LETTER: Shooting woes

AS AN occasional visitor to Chichester, I was amused to read the letter on your pages of Adrian Blackmore from the Countryside Alliance: “Proud to Shoot”.

The shooting industry has been trying to ‘big up’ game shooting and seek public approval since 1908. The Countryside Alliance is a more recent spokesman. All the elements of the spun defence for shooting are in Mr Blackmore’s letter.

“Shooting has shaped our landscape.” Yes but not all of it is any way good. Take a look first at the scarred, drained and burned grouse moorland of England and Scotland.

“Wildlife thrives where land is properly managed for shooting.” This describes ruthless predator control, frequently with indiscriminate snares. Only selected wildlife is allowed to survive. Kill all the lions on the Serengeti and of course all the zebras will thrive – for a while.

“It provides employment.” It is employment for only a few but part-time low quality, insecure work or beating and picking-up for the majority which adds to “the equivalent of 16,000 full-time jobs”.

“It makes an enormous contribution to the rural economy.” When the shooting industry commissioned a questionnaire-based survey of its own membership in 2006, it self-valued shooting worth £1.6billion to the UK economy. Now, only nine years later, in a period of austerity and low inflation, it has unbelievably aggrandised an already suspect statistic to £2billion. This despite the recent abandonment of the Country Land Owners’ and Business Association Annual Game Fair through lack of interest and a failure to break-even during the same period.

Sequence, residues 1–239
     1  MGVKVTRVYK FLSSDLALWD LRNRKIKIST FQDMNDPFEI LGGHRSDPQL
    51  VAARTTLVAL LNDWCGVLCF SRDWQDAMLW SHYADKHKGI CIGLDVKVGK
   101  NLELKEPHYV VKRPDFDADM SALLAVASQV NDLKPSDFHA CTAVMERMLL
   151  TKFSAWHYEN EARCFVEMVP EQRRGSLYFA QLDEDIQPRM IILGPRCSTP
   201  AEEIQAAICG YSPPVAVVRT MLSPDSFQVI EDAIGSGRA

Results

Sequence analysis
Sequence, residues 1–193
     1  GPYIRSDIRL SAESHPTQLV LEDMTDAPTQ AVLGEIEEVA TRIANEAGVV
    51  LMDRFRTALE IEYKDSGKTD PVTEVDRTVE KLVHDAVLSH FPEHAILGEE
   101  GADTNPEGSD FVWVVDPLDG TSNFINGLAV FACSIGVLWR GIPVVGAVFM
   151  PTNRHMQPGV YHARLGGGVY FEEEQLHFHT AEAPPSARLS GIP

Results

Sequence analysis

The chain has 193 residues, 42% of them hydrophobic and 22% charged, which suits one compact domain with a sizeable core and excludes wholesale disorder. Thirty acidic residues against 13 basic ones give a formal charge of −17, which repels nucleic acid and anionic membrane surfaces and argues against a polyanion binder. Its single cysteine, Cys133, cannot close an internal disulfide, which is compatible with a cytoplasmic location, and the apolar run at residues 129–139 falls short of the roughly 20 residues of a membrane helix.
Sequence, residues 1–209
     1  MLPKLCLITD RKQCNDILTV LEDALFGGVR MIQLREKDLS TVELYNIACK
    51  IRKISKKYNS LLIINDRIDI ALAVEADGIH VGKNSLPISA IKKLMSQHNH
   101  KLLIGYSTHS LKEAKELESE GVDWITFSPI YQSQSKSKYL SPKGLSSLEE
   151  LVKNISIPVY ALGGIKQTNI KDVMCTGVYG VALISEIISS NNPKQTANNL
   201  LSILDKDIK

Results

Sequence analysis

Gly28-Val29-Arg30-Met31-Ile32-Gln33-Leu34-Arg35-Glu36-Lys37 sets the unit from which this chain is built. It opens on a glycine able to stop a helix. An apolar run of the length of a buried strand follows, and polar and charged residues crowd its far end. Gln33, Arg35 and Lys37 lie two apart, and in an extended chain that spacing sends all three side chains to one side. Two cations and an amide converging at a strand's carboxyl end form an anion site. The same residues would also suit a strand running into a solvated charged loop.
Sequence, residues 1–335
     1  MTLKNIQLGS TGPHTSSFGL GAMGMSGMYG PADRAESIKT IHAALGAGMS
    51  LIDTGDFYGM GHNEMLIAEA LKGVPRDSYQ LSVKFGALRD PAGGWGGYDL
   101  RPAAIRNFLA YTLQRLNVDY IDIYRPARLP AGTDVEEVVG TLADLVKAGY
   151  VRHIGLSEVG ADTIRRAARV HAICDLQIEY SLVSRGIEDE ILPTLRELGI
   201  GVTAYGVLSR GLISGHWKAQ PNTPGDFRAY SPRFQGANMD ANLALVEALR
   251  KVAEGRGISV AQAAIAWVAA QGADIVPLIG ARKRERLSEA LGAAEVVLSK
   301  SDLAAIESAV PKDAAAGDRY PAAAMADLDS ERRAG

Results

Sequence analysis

“Game meat is a wild, free-range alternative to farmed meat.” To buy this line you must ignore the Food Standard Agency advice that game shot with lead is not recommended for pregnant women or developing children.

Finally, if you want to enjoy “crisp, winter days in the field with your dog or friends” as Blackmore lauds, you should be aware that on shooting grounds, your way is likely to be barred even under the Countryside and Rights of Way Act. Attitudes in shooting have not changed. You will be as unwelcome as the righteous pioneers of the Mass Trespass on Kinder Scout in 1932.

Sue Davidson

Cwm Nant-y-Meichiaid